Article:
post #308 of 538
Quote:
Originally Posted by tiger02
Mr P, when I went to dinner with e****t. he described the clientele as "rednecks." Paris, France; not Paris, Texas. Just for some context.

It might clarify things to have Ernest give us his French translation.
post #309 of 538
Quote:
Originally Posted by Fabienne
It might clarify things to have Ernest give us his French translation.
I would have called them "Eurotrash," but that's not very PC. Very scene and be seen. Women in low cut dresses or shirts and tight jeans or pants. Didn't notice the men
post #310 of 538
[quote=kennethpollock]
Quote:
Originally Posted by aybojs
the ignorant masses like us (who cannot think for themselves and can only parrot what is foisted on them by the aforementioned conspirators) into believing that only familiar and informal service is acceptable? QUOTE]

These are the Americans that Will Rogers and Oscar Wilde were talking about, but I would prefer to believe that they do not represent the majority of Americans.
Not being certain, I turned to my French friend, the banned E****t, for his opinion. He said that there were indeed a lot of rednecks in this Country, such as people who wore caps, shorts and sneakers or flip-flops to nice restaurants and reminded me that I had previously complained about them here.
http://styleforum.net./showthread.php?t=9184
Maybe he is right. I certainly recognize that "redneck chic" is "in," based upon what I have observed out there in attire, all the pick-up trucks, and people apparently liking restaurants that look like warehouses. However, without actually seeing the questions in the surveys which supposedly elicited that many Americans really do want to be treated as hicks, I cannot be 100% sure. But please Lord, say that it is not so.



please do not take this as an insult, Mr. P, but I am totaly blown away at the thought of the educational and sociological process that left you able to operate a computer and, apparently, function as a successful litagator as well as a food critic, and yet, just as apperently, has allowed you to reach mature adulthood with a lack of context and understanding of the demographics of the United States, such a narrow world view and such poor logical reasoning. it staggers the mind. in discusing this case with a few people, we were left wondering if this was due to the structure of the upper middle classes in Atlanta, or if this was a purely personal phenomenon.

in any event, have a nice day, my name is Zach and I will not be waiting on you today.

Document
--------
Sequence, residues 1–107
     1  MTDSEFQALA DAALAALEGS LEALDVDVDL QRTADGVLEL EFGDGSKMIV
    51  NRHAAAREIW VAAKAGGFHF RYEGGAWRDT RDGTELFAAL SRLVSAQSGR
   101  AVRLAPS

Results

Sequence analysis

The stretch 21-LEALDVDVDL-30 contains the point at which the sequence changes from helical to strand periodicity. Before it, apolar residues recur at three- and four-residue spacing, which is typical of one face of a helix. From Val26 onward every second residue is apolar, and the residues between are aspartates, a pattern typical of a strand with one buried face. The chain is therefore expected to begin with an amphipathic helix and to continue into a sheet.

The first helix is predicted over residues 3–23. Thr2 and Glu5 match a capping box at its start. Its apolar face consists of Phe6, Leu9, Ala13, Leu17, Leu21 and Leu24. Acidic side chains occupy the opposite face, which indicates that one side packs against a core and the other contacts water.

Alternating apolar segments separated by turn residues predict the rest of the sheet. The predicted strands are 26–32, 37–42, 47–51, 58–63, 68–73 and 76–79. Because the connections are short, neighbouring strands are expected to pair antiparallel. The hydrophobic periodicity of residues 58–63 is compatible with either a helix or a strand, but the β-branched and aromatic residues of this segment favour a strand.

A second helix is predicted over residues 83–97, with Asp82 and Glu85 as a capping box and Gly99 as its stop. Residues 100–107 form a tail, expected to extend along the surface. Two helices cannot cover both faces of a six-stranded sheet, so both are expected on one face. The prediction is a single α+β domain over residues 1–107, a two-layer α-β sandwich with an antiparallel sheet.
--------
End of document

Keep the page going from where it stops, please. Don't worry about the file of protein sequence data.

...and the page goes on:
post #311 of 538
Provencal rose isn't really "blush wine" as the term is generally used. That wikipedia article is remiss in grouping the two together. Bone dry roses are very nice indeed.
post #312 of 538
Quote:
Originally Posted by whoopee
Provencal rose isn't really "blush wine" as the term is generally used. That wikipedia article is remiss in grouping the two together. Bone dry roses are very nice indeed.

Isn't it just a different (regional?) term for a **relatively** similar end product? I was recently in the south of France, and I tasted plenty of what I would consider sweet rose wines. Or maybe the term should be "fruity"?

If we start making such distinctions, then we have to find another name for California cabernets...
post #313 of 538
Once a waiter pulled a gun on me and told me that he had been waiting 20 years for his revenge on the "famous" FNB who had made his village go broke buying great clothes. Apparently, his village had had to file chapter 7, which in his native Yokelstan meant that everyone's ability to vote on Idol was revoked. He was explaining my demise to me with such smugness that i was able to manage a Chuck Norris like roundhouse kick to the head. Unfortunately, all the other waiters and customers were also from his village but unrecognizable to me because they were all far too well dressed, and broke, and I had to battle them all "Octagon" style. I was able to narrowly escape but i did hear the parting threat "Next time FNB, next time." Then they all broke out into a chorus of "She grinds."

To top it off, my date turned out to be a femme bot.
post #314 of 538
If it bends, it's funny. If it breaks, it's not funny.
post #315 of 538
I want my baby back, baby back, baby back, baby back, baby back, baby back, baby back, I want my baby back, baby back, baby back, baby back, baby back, baby back, baby back...